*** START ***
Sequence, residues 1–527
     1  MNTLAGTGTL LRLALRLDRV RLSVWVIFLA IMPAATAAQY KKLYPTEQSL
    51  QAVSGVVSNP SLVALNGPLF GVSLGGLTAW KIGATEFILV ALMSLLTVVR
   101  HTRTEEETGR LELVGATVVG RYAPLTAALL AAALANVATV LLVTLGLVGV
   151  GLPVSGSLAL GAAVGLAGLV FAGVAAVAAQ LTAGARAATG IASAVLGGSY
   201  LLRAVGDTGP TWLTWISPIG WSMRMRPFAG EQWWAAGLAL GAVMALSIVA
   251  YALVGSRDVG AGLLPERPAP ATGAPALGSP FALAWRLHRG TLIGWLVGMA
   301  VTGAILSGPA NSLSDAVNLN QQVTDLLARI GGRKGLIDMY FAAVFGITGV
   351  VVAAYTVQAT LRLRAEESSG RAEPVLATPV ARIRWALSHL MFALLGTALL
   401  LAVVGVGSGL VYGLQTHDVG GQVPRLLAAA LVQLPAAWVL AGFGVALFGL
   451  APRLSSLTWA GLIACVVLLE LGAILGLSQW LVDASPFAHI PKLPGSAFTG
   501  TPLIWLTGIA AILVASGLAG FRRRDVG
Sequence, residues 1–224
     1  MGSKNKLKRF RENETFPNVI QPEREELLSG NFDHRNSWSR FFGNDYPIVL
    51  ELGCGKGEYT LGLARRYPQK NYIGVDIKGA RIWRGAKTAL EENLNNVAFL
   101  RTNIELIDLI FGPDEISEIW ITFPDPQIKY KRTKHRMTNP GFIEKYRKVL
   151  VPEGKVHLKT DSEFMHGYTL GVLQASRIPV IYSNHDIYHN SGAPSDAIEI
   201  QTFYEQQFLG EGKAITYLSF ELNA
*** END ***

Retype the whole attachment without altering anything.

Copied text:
Sequence, residues 1–527
     1  MNTLAGTGTL LRLALRLDRV RLSVWVIFLA IMPAATAAQY KKLYPTEQSL
    51  QAVSGVVSNP SLVALNGPLF GVSLGGLTAW KIGATEFILV ALMSLLTVVR
   101  HTRTEEETGR LELVGATVVG RYAPLTAALL AAALANVATV LLVTLGLVGV
   151  GLPVSGSLAL GAAVGLAGLV FAGVAAVAAQ LTAGARAATG IASAVLGGSY
   201  LLRAVGDTGP TWLTWISPIG WSMRMRPFAG EQWWAAGLAL GAVMALSIVA
   251  YALVGSRDVG AGLLPERPAP ATGAPALGSP FALAWRLHRG TLIGWLVGMA
   301  VTGAILSGPA NSLSDAVNLN QQVTDLLARI GGRKGLIDMY FAAVFGITGV
   351  VVAAYTVQAT LRLRAEESSG RAEPVLATPV ARIRWALSHL MFALLGTALL
   401  LAVVGVGSGL VYGLQTHDVG GQVPRLLAAA LVQLPAAWVL AGFGVALFGL
   451  APRLSSLTWA GLIACVVLLE LGAILGLSQW LVDASPFAHI PKLPGSAFTG
   501  TPLIWLTGIA AILVASGLAG FRRRDVG
Sequence, residues 1–224
     1  MGSKNKLKRF RENETFPNVI QPEREELLSG NFDHRNSWSR FFGNDYPIVL
    51  ELGCGKGEYT LGLARRYPQK NYIGVDIKGA RIWRGAKTAL EENLNNVAFL
   101  RTNIELIDLI FGPDEISEIW ITFPDPQIKY KRTKHRMTNP GFIEKYRKVL
   151  VPEGKVHLKT DSEFMHGYTL GVLQASRIPV IYSNHDIYHN SGAPSDAIEI
   201  QTFYEQQFLG EGKAITYLSF ELNA